How much did Premier League clubs spend on transfers during the winter window? We crunch the numbers...
Premier League clubs splashed around £233m on 31 permanent signings during the January transfer window - but how much did your team spend?
The total expenditure was £86m more than last winter's total and produced a £188m net spend after teams recouped around £45m on player sales.
Manchester United made the most expensive acquisition during the window, with Bruno Fernandes costing £67.7m from Sporting Lisbon.
Tottenham signings Steven Bergwijn and Giovani Lo Celso were the next most expensive deals at £27m each from PSV Eindhoven and Real Betis, respectively - with the latter making his loan move permanent.
Twelve other players signed for Premier League clubs with fees of £10m or less.
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Manchester United topped the spending chart with their £67.7m Fernandes swoop, followed by Tottenham (£54m), West Ham (£29m), Sheffield United (£23m), Wolves (£17.9m) and Aston Villa (£10.9m).
Liverpool (£7.3m), Burnley (£7m), Watford (£6.8m), Brighton (£5m), Norwich (£3.4m) and Everton (£1m) were more spendthrift, while the remaining eight clubs failed to spend a penny.
Analysis: Jose's Spurs taking shape
Sky Sports' Nick Wright...
Manchester United made the biggest signing of the window but no side was busier than Tottenham. Jose Mourinho was always likely to demand investment having inherited a squad languishing in the bottom half of the Premier League, and chairman Daniel Levy did not disappoint him.
Spurs offset Christian Eriksen's departure by signing Gedson Fernandes from Benfica and completing the permanent signing of Lo Celso from Real Betis, and they also strengthened their attack with their deal to bring in Steven Bergwijn from PSV Eindhoven.
They were unable to recruit a new striker to fill in for the injured Harry Kane as their interest in Olivier Giroud, Willian Jose and Krzysztof Piatek came to nothing. A mooted deal for Gareth Bale did not materialise either.
But Mourinho will be encouraged by the club's backing in the market. He will also be confident that there will be more of the same in the summer as he continues to shape this Spurs side in his image.
Tottenham recouped the most cash from player sales during the window after receiving a cut-price £16.9m fee from Inter Milan for Christian Eriksen, whose contract was set to expire this summer.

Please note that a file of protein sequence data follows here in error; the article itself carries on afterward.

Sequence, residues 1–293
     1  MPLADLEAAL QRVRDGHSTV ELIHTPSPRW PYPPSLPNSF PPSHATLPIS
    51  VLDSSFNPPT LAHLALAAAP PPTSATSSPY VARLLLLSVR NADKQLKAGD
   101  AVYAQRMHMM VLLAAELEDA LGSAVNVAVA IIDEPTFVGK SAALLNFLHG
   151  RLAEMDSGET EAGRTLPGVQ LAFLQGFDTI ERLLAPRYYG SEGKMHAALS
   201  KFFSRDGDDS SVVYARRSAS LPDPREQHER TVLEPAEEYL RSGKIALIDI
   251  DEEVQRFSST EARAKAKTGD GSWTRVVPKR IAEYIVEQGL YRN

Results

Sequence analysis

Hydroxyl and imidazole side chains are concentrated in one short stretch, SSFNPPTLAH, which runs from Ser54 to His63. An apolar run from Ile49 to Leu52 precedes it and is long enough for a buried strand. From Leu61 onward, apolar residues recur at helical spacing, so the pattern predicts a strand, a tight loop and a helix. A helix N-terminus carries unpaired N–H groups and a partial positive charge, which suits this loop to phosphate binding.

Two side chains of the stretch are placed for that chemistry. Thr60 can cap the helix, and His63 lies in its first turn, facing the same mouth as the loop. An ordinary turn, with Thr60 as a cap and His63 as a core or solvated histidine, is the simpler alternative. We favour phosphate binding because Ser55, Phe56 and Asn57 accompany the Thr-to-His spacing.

Wolves cashed in £15m from selling winger Ivan Cavaleiro to Fulham. while Burnley (£4m), Liverpool (£3m), Aston Villa (£2.7m), Watford (£1.8m) and Manchester United (£1.5m) all replenished small sums from sales.
Analysis: Few January sales
Sky Sports' Nick Wright...
The January transfer window is a difficult time to buy, but this window has served as a reminder that it's an even trickier time to sell.
Over the course of the month, the only Premier League sides to accrue meaningful sums in player sales were Spurs and Wolves, who made £17m and £15m from the sales of Christian Eriksen and Ivan Cavaleiro respectively. Next on the list was Burnley, who made £4m from Nahki Wells' departure to Bristol City. It seems there was little demand for top Premier League talent in this window.
Manchester United top the net spending chart with £66.2m, having recouped £1.5m for Inter Milan-bound Ashley Young - to marginally mitigate their blockbuster signing.
Despite recouping cash from selling Eriksen, Tottenham still recorded a £37.1m net expenditure, followed by West Ham (£29m), Sheffield United (£23m) and Villa (£8.2m) - who had topped the spending chart last summer with a staggering outlay in excess of £100m.
In terms of total signings and departures combined, Wolves were busiest with 19 transactions during the month, primarily from shipping 12 players out on loan.
Manchester City, Chelsea and Bournemouth failed to make one signing on a permanent or temporary basis, while Arsenal loaned two and Liverpool signed two permanently.
You can search every player signed and sold during the January window using the interactive charts below. Tap the headers or use the search bar to order and filter results.